Founded in 1895 by Fabian society members which included George Bernard Shaw, this university follows the motto of "Rerum cognoscere causas" which is Latin for "To Understand the Causes of Things". This scientific outlook in its ideology coupled with the majesty of British architecture in its buildings makes it a lucrative study option. As an Indian, I have special reverence for this temple of learning because of the many leaders and thinkers it has churned out for us. Shri KR Narayanan, our former President had done his graduation from here. When we go back to India at the time of the birth of it's modern day avatar, we count Dr Ambedkar as one of our founding fathers and yes, he was a product of LSE. Other prominent Indian personalities from there are Jyoti Basu, Krishna Menon and Feroze Gandhi.

It also provides a great platform for those interested in doctoral researches as it has a research grant that might make other universities of the World jealous. I'd love to be called a scholar one day, one who has studied in this splendid school of learning with the most amazing faculty and infrastructure one can be offered. These are not sandcastles in the sand however; I am an aspiring civil servant with my optional subject as Sociology. I do wish to take this dream forward if permitted by the Indian Government and study in this reputed studies to excel in the field of Social Sciences. I have so many idols to look up to and so many perspectives to inculcate within myself. I do believe that I will lifelong be a student and that's why I dream of acquiring knowledge and wisdom from one of the topmost universities of Britain, nay, World! Oh, and did I forget to mention- It has a huge library!

Anthony Giddens is a revered name in Sociology and as we speak, I am studying his concepts of structuration- agency versus structure; there is nothing but respect in my mind for this great mind and, he is a Professor emeritus in the same university!! Heck, this is the alma mater of Talcott Parsons! Whose theories of functionalism reshaped the landscape of sociology forever. His concepts of "social action" and the much decorated "AGIL scheme" are hardly alien to any sociology student or enthusiast. With such big names in its list, I don't think there is even chance of a moment of doubt when it comes to choosing a university of social sciences in general and sociology in particular.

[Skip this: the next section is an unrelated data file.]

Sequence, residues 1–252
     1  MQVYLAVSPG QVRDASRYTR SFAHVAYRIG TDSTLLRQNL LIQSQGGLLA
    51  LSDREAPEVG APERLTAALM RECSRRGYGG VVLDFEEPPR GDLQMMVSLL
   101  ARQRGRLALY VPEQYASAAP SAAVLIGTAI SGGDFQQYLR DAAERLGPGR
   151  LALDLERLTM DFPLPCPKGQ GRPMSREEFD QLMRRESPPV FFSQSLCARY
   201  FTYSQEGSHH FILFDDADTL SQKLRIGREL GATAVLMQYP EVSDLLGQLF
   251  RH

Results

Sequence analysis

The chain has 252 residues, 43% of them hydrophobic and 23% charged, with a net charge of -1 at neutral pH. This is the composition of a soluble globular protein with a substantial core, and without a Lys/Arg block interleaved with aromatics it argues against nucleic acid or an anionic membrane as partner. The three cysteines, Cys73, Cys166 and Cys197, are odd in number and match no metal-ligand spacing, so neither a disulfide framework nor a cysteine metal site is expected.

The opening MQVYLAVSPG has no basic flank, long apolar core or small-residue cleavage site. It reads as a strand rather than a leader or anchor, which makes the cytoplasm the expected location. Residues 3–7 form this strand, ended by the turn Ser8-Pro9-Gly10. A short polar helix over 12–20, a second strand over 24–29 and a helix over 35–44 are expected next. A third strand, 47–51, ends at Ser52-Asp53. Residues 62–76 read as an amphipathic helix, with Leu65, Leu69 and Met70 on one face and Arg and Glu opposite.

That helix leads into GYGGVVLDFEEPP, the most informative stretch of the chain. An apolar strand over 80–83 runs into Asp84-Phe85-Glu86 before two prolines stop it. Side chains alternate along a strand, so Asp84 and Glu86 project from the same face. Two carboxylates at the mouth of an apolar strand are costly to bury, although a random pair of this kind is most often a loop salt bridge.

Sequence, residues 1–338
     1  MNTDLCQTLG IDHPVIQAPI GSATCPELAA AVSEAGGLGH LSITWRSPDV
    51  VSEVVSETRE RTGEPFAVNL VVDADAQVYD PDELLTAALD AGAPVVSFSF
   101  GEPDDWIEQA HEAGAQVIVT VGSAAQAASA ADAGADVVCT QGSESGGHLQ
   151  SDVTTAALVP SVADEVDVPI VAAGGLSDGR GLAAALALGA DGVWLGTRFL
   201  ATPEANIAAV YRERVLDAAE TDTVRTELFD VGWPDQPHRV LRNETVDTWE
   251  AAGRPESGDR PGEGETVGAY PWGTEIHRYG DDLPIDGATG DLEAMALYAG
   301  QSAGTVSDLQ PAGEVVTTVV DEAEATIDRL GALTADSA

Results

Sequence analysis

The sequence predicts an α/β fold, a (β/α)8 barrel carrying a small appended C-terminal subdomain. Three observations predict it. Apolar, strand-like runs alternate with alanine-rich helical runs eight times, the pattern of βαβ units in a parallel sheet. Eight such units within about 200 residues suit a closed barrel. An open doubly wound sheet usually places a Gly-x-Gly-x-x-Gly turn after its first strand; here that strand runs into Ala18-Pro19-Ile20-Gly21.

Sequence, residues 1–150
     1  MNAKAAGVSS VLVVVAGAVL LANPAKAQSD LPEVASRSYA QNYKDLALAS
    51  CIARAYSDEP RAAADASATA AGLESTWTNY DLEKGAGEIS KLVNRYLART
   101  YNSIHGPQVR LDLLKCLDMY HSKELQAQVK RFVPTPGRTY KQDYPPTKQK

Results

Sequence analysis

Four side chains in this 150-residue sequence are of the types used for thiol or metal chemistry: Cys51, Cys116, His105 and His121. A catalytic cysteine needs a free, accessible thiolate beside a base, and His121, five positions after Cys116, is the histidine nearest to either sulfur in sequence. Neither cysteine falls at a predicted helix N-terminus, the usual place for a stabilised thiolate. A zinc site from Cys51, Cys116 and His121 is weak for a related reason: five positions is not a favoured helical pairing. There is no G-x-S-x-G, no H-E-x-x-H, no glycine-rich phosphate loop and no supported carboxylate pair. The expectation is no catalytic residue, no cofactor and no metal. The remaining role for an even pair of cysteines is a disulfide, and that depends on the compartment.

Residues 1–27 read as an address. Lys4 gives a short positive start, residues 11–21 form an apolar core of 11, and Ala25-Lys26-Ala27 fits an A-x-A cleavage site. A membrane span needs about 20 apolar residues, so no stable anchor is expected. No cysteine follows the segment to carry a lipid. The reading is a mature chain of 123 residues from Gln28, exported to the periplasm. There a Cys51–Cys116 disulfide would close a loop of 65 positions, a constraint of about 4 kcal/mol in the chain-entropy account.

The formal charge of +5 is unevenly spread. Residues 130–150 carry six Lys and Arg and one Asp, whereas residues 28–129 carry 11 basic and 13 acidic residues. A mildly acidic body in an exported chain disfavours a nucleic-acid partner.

Anthony Giddens
Bronislaw Malinowski, eminent anthropologist and functionalist

I am thankful to Indiblogger for letting me express my view here. Also, do check out the British Council's Knowledge Is Great Website to know more. Here is the link- http://knowledgeisgreat.in/

Images Courtesy: Wikipedia

Sunday, 9 February 2014

Microfiction: Five Sad Stories

Captured
He looked across the crowd as people stood there, admiring his grand majesty and persona. He groaned and went back to his cave. The tiger had little appreciation for fame and accolades.

Prey
The bride blushed. She was nervous. She had heard great things about marriage. He looked on with an inebriated and lustful gaze, unbuttoning his shirt.

Past
He was to teach kindergarten. He sat there on his chair and looked on. A kid came running to him, and my mistake called him 'Papa'. His heart should have lept out of his chest but it didn't. The word was a contempt for him.